Oga's best advice for young dancers? "Don't take any moment for granted," she says without hesitation. "It doesn't matter what rank you are, just do everything to the fullest—people will see the hard work you put in. Don't settle for anything less. Knowing [yourself] is also very important, not holding yourself to another's standards. No two paths are going to be the same."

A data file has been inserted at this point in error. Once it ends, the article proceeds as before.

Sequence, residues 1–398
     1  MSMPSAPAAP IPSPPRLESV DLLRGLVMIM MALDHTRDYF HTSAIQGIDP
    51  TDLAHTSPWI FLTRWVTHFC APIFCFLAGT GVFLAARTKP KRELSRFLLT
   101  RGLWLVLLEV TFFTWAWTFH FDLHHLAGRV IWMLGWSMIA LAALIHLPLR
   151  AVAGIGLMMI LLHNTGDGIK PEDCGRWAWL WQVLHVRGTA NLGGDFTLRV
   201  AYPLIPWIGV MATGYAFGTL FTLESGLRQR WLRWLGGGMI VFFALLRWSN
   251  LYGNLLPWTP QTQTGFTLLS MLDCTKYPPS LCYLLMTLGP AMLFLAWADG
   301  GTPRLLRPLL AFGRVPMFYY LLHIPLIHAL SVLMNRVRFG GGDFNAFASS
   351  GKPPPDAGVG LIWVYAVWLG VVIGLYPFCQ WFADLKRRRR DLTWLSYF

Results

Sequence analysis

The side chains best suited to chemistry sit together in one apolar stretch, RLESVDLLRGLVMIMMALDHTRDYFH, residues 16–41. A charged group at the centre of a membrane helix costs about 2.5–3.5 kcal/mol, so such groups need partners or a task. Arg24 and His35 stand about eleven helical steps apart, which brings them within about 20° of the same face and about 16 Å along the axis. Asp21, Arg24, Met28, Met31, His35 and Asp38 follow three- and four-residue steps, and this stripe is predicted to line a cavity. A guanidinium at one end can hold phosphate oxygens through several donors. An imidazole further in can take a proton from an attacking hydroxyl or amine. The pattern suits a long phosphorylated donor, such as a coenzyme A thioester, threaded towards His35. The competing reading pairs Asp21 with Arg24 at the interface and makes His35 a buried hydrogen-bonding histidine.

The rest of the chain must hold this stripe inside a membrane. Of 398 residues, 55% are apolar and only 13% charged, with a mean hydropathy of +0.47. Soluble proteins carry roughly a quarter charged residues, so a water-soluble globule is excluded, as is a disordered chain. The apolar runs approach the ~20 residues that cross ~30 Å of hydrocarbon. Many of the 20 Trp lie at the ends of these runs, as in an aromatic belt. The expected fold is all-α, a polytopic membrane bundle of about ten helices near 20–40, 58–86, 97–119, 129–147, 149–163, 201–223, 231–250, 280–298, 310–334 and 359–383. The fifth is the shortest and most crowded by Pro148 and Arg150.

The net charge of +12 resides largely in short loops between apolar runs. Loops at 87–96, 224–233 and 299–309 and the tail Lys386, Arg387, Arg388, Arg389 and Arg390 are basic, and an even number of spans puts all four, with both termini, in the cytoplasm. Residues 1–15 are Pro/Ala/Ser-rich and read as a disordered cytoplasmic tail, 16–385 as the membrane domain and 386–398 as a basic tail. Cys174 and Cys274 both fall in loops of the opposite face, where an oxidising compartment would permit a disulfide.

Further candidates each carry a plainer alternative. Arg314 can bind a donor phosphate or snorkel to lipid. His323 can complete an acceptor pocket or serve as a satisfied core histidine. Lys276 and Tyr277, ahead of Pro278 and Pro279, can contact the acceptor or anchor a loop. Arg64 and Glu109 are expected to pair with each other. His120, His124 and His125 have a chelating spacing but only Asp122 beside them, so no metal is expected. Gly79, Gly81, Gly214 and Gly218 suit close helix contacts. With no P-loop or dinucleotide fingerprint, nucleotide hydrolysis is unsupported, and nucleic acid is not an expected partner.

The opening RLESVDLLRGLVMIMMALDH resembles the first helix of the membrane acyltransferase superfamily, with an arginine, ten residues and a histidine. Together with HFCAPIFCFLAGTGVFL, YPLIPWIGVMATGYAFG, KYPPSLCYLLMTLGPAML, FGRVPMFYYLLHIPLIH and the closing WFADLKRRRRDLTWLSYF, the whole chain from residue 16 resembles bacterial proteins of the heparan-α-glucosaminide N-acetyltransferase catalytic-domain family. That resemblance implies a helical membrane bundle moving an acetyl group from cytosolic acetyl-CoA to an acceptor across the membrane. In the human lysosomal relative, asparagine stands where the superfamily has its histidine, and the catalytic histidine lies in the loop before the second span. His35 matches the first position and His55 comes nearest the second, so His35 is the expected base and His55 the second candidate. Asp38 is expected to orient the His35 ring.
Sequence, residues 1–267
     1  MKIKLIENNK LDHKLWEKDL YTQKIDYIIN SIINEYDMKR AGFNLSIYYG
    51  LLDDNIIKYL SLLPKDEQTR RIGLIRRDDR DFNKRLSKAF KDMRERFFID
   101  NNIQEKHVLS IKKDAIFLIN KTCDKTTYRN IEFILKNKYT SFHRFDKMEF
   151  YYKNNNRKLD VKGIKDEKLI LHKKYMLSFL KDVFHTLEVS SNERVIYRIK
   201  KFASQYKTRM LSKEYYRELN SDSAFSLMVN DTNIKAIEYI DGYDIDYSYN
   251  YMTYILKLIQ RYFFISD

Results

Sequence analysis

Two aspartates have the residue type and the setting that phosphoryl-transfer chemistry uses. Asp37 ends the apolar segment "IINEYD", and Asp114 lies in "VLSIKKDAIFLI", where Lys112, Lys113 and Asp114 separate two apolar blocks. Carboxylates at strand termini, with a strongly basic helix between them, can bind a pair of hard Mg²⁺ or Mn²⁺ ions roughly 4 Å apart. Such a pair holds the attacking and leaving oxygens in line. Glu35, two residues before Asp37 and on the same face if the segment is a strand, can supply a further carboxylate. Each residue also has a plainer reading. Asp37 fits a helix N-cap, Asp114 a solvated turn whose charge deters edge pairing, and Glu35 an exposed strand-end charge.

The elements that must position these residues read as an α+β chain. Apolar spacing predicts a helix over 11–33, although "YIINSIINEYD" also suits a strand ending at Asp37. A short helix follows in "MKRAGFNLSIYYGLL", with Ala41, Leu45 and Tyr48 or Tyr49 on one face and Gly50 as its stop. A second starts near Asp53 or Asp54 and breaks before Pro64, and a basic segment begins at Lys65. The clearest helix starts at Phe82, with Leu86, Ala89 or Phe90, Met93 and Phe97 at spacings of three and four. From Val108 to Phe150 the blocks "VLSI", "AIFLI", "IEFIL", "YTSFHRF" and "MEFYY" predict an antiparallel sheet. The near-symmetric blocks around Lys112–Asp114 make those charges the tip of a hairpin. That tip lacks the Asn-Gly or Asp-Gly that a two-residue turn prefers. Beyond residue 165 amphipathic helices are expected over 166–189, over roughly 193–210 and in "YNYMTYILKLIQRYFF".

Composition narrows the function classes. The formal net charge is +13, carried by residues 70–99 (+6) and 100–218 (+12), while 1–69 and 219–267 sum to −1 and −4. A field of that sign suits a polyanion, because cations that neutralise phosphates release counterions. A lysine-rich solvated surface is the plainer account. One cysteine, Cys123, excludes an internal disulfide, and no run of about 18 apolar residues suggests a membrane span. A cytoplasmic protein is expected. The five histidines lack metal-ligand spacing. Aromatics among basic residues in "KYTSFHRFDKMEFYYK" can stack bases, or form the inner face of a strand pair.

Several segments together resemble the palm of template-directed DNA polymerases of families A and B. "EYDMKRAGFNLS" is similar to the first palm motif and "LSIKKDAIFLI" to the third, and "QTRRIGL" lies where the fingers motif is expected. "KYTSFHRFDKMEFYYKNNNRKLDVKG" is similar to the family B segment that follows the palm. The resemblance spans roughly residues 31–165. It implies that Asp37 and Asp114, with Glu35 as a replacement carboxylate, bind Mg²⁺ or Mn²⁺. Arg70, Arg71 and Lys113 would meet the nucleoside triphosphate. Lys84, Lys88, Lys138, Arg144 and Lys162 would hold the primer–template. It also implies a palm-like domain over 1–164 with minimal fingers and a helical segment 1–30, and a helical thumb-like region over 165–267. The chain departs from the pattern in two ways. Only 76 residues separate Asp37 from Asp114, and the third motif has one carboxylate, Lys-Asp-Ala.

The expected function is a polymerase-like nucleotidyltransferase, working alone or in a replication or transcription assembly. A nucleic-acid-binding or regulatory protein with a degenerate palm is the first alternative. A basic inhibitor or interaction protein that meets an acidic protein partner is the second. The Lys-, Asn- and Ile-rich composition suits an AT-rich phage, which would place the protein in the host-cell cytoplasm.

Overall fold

And for the foreseeable future, Oga's path is to live life to the fullest, inside and outside ballet. "The pandemic put things in perspective. Dancing is my passion. I want to do it as long as I can, but it's only one portion of my life. I truly believe a healthy balance between social and work life is good for your mental health and helps me be a better dancer."